Connect with us

Transfer Watch

Héctor Bellerín, a need or a double?

Published

on

Header Image by Julian Finney via Getty Images

Héctor Bellerín, former Barça academy player, is linked with a move back to his fellow club. But with a right-back position that has been lacking a certain kind of consistency and solidity since the departure of Dani Alves, is Bellerín what Barcelona really need or does he leave open the same holes Semedo has been suffering? Let’s analyse who Bellerín is and what can he bring to the blaugrana cause.


The three-times FA Cup and Community Shield winner, Héctor Bellerín, has come to a crossroad. After six years of first-team football in London, he might have felt the need to change. And Arsenal’s eternal crisis and lack of high competitive seasons may have something to do with it. Especially when you are a talented, young footballer that is reaching his peak years. But at the end of the day, it is all too relative to talk about motives for a divorce, since both the North London club and the Spanish player are taking the path back to the light, really slowly but effectively.

As Arsenal is beginning its journey back to success with Pep Guardiola’s alumni, Mikel Arteta, Bellerín came back from yet another series of injury that have, until now, compromised much of his career. Perhaps, taking aside those fitness issues, he may already have been in a big club and we would not even be talking about a potential transfer for him in this stage of his career.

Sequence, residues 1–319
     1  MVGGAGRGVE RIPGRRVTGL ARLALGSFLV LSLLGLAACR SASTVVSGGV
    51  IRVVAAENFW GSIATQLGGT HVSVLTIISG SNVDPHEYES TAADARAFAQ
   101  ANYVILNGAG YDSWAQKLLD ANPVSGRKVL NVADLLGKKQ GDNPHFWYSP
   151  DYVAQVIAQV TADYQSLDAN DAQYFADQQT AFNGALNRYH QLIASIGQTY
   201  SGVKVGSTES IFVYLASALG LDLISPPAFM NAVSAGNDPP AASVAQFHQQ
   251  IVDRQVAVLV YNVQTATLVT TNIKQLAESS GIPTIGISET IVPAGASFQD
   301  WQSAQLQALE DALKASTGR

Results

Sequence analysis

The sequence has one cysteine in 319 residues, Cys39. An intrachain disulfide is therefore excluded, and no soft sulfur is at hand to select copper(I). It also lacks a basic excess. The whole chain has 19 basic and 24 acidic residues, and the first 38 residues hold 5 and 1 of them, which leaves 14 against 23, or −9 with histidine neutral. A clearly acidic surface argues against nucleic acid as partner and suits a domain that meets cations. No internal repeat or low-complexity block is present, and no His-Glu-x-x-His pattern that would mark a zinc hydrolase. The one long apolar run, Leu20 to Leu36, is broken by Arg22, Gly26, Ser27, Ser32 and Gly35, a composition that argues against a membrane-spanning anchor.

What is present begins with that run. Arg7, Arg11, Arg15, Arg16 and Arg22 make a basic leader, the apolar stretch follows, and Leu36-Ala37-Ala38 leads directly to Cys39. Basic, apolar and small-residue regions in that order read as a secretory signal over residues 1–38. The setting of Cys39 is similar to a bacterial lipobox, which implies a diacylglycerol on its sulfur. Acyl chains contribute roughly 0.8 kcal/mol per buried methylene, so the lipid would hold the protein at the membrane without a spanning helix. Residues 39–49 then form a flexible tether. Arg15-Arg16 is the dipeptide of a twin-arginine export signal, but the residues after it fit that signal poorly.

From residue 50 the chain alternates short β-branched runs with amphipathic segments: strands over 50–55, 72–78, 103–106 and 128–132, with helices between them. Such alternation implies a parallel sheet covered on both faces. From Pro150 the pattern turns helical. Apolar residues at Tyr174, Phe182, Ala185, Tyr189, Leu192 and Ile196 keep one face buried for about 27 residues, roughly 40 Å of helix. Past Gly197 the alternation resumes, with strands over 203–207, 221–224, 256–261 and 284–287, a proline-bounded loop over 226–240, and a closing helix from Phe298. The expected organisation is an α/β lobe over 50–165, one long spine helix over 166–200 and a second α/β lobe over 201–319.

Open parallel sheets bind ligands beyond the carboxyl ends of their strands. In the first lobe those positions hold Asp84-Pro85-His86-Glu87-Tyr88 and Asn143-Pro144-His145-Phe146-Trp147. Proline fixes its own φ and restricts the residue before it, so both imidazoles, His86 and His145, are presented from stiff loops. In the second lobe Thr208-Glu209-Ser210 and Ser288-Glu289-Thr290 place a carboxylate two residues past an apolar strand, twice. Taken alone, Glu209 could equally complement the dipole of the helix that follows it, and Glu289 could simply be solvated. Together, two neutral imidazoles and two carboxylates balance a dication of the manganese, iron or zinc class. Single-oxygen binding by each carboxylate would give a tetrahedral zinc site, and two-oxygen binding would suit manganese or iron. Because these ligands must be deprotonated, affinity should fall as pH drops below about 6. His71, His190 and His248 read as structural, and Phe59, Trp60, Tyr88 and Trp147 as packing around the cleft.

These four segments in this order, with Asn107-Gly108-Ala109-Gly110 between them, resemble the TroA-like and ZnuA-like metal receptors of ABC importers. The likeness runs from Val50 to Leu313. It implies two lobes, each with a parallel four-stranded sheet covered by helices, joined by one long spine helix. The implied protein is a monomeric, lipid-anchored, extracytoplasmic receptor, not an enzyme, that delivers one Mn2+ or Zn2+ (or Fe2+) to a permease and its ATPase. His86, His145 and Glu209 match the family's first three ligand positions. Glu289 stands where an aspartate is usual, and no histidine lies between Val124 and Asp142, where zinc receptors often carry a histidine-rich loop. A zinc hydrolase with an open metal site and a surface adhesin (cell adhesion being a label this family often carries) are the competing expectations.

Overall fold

Unfortunately for him, he has been heavily influenced by injuries throughout his whole professional life. After he had his breakthrough season with Arsenal, in the 2014/2015, nobody would have thought the unfortunate series of events that would have characterised him later on.

Up until 2018, Bellerín’s only fitness problems had been a couple of groin strains and ankle injuries, which resulted in a mere four weeks away from football in four years. As his talent was developing in what has always been a great place to play entertaining football, his body had always responded well to the Premier League’s workloads. Until the 2018/2019 season.

While that campaign opened with the same continuity he showed in the previous ones, the problems began to show their marks just before Christmas. In a league game against Southampton, Héctor Bellerín sprained his ankle. Nobody knew, but that was going to be the start of a new delicate, unfortunate era for the Spaniard. And after the return on the pitch, a month later, Bellerín’s knee couldn’t take it anymore. Against Chelsea, the tragedy came to a sad reality: cruciate ligament rupture, meaning the end of the season for the footballer and the beginning of a long ordeal.

Héctor Bellerín Arsenal Barça

Héctor Bellerín already was a strong option to sign for Barça in 2017 before they went for Nélson Semedo | Photo by Julian Finney via Getty Images

Beginning last season still as injured, he slowly recovered from the trauma, getting back to full fitness around late October 2019. But the lack of luck followed him furthermore. After a month of benches and a small number of minutes on the pitch, he got injured again. This time, hamstring. But will has never been an issue for Bellerín, as he eventually got back onto the pitch a month and a half later and felt enough trust and faith from Arteta, who rarely left him out of that starting eleven spot until the end of the course.

Héctor Bellerín’s career has been a journey. As much as he has always shown character and determination, he has always been one of the most talented players Arsenal has developed over the last decade. Offensive and aggressive on the pitch, his dynamism and speed form a phenomenal conjunction down the right-back side. But apart from physical aspects of his game, even his technical ability has shown improvements year after year, as he has registered 25 assists in his 205 appearances in a red shirt. Just imagine what some pure Barça style training could do to him and to his overall affinities.